13th November 2017

Following The Bank of England’s announcement that interest rates were going to rise for the first time since 2007, UNW’s Tax Senior Manager Tim McElwaine discusses the potential impact this may have on businesses operating in the UK.

On the 2nd November, it was announced that interest rates in the United Kingdom were to rise for the first time in over a decade. The increase, from 0.25% to 0.5%, is the highest rate registered since the financial crisis of 2008.

Mark Carney, the governor of The Bank of England, states that he expects all providers to increase returns for savers. As of now, many banks are still considering whether to pass on the benefits, and there have also been reports that savers will still find themselves worse off than when the interest rate was last at 0.5%.

There are also conflicting reports for what the interest rate rise may mean for business owners, with suggestions that it may hamper smaller businesses opportunities for growth. With the rate rise sure to affect borrowing, smaller businesses may be further put off something that they already see as too expensive.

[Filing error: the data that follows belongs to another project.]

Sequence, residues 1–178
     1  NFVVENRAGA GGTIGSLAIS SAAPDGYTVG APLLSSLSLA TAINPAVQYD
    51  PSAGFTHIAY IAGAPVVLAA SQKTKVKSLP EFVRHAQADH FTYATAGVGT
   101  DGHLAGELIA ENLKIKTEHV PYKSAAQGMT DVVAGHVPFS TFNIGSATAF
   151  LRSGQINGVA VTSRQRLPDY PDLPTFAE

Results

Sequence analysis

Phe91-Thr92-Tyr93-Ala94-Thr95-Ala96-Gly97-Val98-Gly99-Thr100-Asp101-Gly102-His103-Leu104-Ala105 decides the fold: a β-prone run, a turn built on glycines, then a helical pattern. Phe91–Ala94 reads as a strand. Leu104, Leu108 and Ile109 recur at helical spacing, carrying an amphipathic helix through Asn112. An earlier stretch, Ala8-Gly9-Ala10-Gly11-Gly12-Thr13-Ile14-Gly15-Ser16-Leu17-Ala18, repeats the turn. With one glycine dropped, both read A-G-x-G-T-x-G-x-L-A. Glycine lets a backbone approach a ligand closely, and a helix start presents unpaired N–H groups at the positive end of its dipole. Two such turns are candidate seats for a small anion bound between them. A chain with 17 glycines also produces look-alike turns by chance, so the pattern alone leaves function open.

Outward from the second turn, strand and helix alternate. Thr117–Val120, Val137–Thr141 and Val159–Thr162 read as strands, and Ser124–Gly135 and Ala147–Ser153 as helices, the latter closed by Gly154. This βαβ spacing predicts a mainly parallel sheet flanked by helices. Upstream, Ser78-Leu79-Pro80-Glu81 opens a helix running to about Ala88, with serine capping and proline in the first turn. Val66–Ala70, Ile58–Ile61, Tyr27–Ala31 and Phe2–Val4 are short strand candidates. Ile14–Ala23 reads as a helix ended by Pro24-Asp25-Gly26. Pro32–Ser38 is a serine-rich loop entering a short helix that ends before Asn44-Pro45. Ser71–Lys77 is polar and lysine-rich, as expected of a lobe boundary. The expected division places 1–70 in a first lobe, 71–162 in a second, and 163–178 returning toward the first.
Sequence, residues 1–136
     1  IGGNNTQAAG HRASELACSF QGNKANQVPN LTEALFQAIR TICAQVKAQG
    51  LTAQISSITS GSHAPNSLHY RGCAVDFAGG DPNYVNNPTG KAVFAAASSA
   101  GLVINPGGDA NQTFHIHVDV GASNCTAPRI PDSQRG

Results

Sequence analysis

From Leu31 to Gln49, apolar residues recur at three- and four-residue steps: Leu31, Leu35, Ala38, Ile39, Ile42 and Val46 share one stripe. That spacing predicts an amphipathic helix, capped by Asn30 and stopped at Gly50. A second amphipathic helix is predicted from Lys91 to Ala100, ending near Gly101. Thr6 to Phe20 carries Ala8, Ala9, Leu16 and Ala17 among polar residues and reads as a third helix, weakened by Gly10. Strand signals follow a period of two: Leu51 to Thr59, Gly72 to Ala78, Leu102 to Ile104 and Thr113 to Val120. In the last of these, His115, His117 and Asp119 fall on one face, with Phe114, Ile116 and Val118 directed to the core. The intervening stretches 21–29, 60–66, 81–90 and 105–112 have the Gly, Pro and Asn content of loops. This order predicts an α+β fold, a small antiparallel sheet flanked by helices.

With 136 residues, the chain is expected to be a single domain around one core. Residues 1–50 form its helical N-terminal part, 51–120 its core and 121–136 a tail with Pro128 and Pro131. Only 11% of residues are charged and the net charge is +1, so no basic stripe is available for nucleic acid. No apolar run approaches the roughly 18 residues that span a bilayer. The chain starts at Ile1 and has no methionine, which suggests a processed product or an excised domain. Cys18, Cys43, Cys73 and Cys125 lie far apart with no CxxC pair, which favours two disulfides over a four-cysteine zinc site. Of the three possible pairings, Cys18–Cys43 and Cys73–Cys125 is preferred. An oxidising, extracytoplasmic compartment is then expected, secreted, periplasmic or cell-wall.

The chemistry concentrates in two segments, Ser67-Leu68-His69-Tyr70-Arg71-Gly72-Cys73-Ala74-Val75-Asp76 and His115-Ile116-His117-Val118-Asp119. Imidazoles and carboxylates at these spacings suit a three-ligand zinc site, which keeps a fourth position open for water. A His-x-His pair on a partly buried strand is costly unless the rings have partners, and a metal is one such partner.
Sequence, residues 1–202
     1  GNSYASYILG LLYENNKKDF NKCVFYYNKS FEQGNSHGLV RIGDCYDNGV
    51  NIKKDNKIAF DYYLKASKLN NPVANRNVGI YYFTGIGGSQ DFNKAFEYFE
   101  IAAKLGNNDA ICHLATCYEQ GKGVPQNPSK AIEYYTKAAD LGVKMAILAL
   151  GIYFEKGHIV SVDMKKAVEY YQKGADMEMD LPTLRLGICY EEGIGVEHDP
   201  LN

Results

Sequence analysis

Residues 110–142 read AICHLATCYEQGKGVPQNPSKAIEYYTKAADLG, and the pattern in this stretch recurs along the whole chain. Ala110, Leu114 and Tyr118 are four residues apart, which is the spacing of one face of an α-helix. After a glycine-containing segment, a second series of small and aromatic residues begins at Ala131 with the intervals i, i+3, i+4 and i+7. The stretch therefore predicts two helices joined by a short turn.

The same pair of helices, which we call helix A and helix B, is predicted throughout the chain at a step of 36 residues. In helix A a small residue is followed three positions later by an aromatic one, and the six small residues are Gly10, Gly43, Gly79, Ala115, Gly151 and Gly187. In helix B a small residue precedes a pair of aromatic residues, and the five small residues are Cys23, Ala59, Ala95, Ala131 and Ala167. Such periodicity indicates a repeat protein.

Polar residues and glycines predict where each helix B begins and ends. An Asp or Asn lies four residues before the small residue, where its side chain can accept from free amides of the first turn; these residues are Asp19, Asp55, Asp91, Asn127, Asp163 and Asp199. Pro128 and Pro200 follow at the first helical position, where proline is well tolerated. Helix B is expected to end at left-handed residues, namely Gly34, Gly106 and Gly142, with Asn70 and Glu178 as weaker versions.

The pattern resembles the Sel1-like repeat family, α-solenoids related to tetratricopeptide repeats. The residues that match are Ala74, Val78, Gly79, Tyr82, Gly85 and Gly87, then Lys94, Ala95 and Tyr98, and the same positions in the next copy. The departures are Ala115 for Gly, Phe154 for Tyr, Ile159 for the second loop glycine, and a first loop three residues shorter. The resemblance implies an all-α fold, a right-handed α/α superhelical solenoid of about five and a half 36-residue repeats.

Tim McElwaine, Tax Senior Manager at UNW, believes the interest rate rise suggests that the economy did not enter the state of emergency that The Bank of England first feared after the Brexit referendum result: “It seems a bit odd to be increasing the interest rate just as economic indicators are suggesting a tailing off in growth. This could be explained by the current low levels of unemployment and the fact that inflation is above target, and for those who remember the 1990’s, 0.5% is still a very low interest rate.

“Despite the negativity surrounding what the interest rate rise means for business owners, there are positive signs for those confident about the future. Borrowing is still very cheap by historical standards, and businesses with existing borrowings may want to lock themselves into the current low rates. Currently, all the signals seem to suggest that further rate rises are likely to be ‘gradual and limited’ over the next few years.

“The increase is likely to increase the Government’s cost of borrowing slightly, but I suspect the Chancellor is likely to have more pressing matter on his mind as he finalises his plans for the Autumn Budget coming up on 22nd November, such as calls for an easing of austerity, and combatting the poor levels of productivity growth over the past decade.”

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